The DuPage County Forest Preserve District is moving ahead with a roughly $16 million project that will increase stormwater storage, create new wetlands and improve the overall environmental quality of Oak Meadows Golf Preserve in Addison.
Commissioners this week agreed to commit funding for the project, which is scheduled to begin next summer.
"Our entire reason for existence is natural resource management," Commissioner Shannon Burns said. "We have to do that wherever it's possible. And the fact that there's a golf operation attached (to this project) is just a bonus."
Oak Meadows, which was built in the 1920s, includes an 18-hole course, as well as a bordering 9-hole course called Maple Meadows East 9.
The 288-acre property has experienced increased flooding since 2007. It also lost its clubhouse in a 2009 fire.
Officials say the goal of the project is to make Oak Meadows a better preserve and improve the experience for the golfers who play there.
"The majority of this project gives us a chance to be leaders ... in ways that blend golf with enhancement of the natural resources on the property," said Ed Stevenson, the district's golf operations director.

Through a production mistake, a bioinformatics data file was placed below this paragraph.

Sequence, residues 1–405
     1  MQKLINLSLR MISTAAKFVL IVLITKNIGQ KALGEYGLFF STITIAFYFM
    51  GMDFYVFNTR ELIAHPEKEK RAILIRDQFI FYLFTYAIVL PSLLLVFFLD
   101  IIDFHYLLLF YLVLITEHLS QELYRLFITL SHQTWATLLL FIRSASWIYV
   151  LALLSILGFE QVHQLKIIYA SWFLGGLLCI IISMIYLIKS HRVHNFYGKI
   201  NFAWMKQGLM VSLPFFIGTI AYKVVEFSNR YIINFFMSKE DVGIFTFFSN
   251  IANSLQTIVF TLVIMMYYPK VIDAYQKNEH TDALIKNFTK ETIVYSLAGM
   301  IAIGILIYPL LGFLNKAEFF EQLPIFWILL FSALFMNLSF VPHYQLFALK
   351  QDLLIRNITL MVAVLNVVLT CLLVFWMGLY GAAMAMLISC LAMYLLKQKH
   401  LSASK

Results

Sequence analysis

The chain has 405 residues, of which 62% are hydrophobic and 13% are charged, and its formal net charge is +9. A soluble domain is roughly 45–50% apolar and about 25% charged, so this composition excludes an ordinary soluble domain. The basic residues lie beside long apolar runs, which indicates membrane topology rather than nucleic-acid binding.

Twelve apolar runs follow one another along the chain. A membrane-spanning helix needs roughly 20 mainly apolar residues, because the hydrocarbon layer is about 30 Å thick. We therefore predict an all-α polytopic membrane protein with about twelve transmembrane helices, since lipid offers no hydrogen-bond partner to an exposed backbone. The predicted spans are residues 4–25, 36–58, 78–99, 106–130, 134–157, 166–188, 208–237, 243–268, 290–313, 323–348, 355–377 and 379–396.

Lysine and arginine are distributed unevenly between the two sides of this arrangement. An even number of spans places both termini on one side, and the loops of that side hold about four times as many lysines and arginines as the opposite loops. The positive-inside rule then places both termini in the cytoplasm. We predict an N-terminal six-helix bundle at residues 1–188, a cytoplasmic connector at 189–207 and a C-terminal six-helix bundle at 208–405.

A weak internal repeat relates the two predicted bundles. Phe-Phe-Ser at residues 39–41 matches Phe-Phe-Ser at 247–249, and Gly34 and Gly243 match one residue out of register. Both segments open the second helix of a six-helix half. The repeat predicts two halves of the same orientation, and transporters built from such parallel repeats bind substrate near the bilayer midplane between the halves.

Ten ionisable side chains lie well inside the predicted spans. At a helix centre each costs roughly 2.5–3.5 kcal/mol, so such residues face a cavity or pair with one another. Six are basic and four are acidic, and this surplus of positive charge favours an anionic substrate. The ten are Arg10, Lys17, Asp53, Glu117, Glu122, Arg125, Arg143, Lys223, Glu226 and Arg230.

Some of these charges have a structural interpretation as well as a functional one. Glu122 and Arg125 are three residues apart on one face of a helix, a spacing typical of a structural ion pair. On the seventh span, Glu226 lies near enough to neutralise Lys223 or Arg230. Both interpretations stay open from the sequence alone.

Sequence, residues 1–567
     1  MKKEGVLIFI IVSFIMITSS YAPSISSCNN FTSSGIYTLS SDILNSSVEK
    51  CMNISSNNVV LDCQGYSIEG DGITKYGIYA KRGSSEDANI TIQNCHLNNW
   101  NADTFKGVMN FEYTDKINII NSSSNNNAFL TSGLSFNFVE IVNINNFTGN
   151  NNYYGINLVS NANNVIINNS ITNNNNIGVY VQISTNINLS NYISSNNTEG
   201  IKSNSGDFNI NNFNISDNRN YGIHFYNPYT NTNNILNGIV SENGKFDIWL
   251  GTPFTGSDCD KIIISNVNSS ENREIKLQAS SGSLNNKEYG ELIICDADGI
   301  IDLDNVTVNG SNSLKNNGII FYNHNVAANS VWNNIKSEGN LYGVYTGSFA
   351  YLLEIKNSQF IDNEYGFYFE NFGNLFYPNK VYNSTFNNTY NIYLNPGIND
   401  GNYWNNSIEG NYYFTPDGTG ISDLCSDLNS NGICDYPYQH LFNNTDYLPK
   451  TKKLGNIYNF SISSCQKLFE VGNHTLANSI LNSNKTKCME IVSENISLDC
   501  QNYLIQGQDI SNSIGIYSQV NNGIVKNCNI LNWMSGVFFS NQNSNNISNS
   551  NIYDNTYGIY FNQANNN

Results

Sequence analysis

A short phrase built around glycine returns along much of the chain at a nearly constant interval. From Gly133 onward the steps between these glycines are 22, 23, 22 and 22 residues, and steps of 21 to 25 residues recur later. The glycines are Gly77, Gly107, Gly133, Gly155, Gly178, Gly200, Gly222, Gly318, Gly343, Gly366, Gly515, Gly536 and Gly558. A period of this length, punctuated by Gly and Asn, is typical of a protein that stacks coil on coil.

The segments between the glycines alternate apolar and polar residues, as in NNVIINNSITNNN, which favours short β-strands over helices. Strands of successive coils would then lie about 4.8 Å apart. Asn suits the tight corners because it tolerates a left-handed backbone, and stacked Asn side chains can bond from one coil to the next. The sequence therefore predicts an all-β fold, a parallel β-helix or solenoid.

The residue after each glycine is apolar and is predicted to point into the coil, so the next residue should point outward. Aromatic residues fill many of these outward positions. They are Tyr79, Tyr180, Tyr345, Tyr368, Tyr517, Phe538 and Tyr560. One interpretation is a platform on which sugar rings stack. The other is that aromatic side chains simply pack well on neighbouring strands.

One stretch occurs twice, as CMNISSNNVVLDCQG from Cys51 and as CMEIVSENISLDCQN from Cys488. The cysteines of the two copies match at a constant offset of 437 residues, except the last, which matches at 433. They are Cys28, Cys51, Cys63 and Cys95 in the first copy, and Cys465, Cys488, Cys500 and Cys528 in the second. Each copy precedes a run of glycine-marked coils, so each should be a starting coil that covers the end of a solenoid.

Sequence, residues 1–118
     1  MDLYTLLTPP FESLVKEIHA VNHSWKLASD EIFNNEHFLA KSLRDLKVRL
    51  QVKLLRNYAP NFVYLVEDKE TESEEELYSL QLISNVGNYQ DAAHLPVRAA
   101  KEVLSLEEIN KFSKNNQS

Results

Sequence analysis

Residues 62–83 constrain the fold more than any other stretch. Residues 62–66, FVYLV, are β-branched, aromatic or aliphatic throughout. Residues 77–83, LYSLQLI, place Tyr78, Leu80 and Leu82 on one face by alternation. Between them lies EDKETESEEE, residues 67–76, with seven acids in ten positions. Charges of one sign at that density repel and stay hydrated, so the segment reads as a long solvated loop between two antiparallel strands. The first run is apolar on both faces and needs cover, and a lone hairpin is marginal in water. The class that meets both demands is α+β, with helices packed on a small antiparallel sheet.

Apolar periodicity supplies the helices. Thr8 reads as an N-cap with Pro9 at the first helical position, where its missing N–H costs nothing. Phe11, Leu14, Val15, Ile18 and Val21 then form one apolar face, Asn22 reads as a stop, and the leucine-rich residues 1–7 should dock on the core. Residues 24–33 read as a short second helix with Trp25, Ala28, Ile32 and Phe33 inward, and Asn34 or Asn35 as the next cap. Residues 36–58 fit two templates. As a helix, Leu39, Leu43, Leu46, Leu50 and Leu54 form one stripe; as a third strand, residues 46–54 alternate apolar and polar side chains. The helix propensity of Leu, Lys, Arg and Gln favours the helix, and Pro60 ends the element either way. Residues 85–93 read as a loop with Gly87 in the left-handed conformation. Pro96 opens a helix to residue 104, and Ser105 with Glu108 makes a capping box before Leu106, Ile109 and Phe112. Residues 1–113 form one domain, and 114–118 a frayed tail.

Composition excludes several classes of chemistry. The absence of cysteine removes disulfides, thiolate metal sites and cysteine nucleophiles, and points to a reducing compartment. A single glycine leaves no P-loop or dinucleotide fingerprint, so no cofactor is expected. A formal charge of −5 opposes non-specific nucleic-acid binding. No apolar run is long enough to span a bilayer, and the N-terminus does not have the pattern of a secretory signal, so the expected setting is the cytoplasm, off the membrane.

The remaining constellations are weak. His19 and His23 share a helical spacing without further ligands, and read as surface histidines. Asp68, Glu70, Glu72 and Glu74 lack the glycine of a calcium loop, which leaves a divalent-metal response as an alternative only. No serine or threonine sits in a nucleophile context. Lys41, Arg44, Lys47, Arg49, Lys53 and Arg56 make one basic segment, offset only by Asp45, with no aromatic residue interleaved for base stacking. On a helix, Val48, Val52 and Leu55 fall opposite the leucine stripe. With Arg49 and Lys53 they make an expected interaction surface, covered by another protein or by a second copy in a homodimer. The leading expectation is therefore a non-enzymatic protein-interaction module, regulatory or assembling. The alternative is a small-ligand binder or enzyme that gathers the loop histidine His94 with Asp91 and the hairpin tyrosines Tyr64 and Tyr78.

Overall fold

As part of the work, the footprint for golf will be reduced. Maple Meadows East 9 will be eliminated so an additional 33 acres of floodwater storage and wetlands can be created.
The 18-hole course also will be redesigned to have improved flood resistance, multiple tee options and expanded practice areas, officials said.
Stevenson said the overhauled golf course will be minimally impacted by flooding. As a result, it won't have the same types of interruptions that have hampered the course's ability to generate revenue in the past.
The district will use existing accumulated interest earnings to pay for the $16 million project.
Officials estimate the district will recoup up to a third of the $16 million through grants and other third-party sources. Future profits from three golf courses also will be used to repay the district.
After the improvements to Oak Meadows are competed, forest preserve officials expect the golfing operation to generate significant revenue. The district's courses are projected to make a profit of more than $960,000 during 2017-18.